An intangible benefit most of us lost years ago is job security.
Government is known as the most reliable employer.
While the number of private-sector employees shrank 6.5 percent, there were only 1 percent fewer state and local employees, according to the U.S. Bureau of Labor Statistics.
Yet the federal civilian workforce is actually 12 percent larger than in November 2007.
If we want effective government, benefits should be tied to meaningful outcomes.
One article I read mentioned Singapore, which increased pay for cabinet ministers and top civil servants to compete with the private sector. The government therefore attracted the best and brightest candidates, who were also harder to corrupt.
The difference with America is that when the country loses money, they do, too. In 2008, the prime minister and senior civil servants absorbed 15- to 20-percent pay cuts to reflect recessionary losses. When the economy rebounded 15 percent, their bonuses equated to more than two months salary.
The rub is there is no perfect way to measure performance, though that should not be an excuse to do nothing.
As I’ve heard at school board meetings and The Disney Way, the best organizations mix subjective and objective data tied to the actual job mission — test scores being one measure of student success — and realign or remove those performing in the bottom tier to reward those in the top tier with more money and responsibility.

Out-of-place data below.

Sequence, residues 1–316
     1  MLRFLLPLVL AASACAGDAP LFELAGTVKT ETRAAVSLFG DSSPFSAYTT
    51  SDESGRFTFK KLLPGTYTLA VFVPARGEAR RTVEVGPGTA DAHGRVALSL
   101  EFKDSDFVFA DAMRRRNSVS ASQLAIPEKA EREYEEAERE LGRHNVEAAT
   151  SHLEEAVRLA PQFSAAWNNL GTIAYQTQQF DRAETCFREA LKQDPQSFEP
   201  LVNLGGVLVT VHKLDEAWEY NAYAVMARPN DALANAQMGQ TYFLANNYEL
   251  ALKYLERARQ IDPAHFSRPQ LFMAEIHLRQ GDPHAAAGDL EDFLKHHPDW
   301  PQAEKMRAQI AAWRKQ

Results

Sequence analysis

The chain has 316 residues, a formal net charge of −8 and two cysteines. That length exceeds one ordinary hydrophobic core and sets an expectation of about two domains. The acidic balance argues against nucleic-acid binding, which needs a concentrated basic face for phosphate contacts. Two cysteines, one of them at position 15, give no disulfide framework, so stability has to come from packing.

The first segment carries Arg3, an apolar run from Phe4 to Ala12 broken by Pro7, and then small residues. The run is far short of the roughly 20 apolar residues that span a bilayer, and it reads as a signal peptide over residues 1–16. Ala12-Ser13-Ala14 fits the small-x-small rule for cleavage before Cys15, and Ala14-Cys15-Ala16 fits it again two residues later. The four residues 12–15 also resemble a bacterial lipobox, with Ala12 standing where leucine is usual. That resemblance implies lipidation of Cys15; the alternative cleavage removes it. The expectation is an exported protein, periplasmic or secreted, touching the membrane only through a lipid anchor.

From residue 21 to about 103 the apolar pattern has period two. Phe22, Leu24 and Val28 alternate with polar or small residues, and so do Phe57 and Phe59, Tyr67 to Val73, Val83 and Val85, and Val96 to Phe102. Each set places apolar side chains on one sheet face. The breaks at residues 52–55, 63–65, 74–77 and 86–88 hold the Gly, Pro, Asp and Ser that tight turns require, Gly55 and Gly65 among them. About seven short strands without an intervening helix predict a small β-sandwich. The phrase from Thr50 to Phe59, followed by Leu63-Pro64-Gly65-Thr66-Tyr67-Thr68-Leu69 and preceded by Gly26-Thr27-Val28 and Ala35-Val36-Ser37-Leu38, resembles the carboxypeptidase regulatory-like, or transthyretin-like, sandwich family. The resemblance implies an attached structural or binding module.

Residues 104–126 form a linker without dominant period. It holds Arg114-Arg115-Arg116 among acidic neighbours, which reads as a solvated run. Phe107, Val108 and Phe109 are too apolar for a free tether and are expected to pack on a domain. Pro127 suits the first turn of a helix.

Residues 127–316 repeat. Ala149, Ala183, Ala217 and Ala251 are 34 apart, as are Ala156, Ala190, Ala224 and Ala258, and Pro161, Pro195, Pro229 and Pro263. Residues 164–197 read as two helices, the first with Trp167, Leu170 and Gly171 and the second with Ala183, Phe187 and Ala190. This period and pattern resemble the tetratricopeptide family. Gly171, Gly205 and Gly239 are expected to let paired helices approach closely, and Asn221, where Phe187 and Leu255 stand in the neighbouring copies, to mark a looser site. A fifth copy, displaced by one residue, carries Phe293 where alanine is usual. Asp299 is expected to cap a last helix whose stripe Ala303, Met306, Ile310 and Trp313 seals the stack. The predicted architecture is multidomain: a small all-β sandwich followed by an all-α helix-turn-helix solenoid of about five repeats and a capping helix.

U.S. Foreign Service is an example of such a competitive promotion policy.
“The only job security for public workers in the long run is quality and efficiency. People want efficient services … There has to be a massive push, and I would hope unions will try to lead it, toward quality and productivity.” It’s interesting who said that: Andy Stern, former president of the 2.2-million-member Service Employees International Union (SEIU).
While Wisconsin, New Jersey and Indiana politicians blame unions for their fiscal crises, there also needed to be complicity from legislators, mayors, city councils and school boards, so merely eliminating collective bargaining rights would not fix the primary problem — lack of incentive to improve.
Five states in the decade since the last recession buckled down and made their bureaucracies smarter — Georgia, Virginia, Minnesota, Texas and Kentucky.
Colorado is trying.
Last year, teachers’ unions, state employees’ unions, retirees, state patrol officers and lawmakers from both sides of the aisle agreed to pension reforms, including caps on annual cost-of-living adjustments for current and future retirees.
The state also passed a law tying teachers’ job security to measures of students’ progress, including test scores.
The Democratic president of the Colorado state Senate, whose wife teaches fifth grade and whose mother is a retired teacher, said what mattered most was that he and the Republican minority leader trusted each other. “We linked arms and said, ‘We’re doing this together, no matter what.’ We knew it was urgent, and it would just get worse if we procrastinated.”
A lawsuit has been filed to overturn pension reforms, but taxpayers come up to him to say thanks for stabilizing the pension system — usually because they’re in it themselves.
Mutual respect and trust.
That’s a real-world page torn right out of the Disney playbook.
John Eby is managing editor of the Dowagiac Daily News. E-mail him at email@example.com.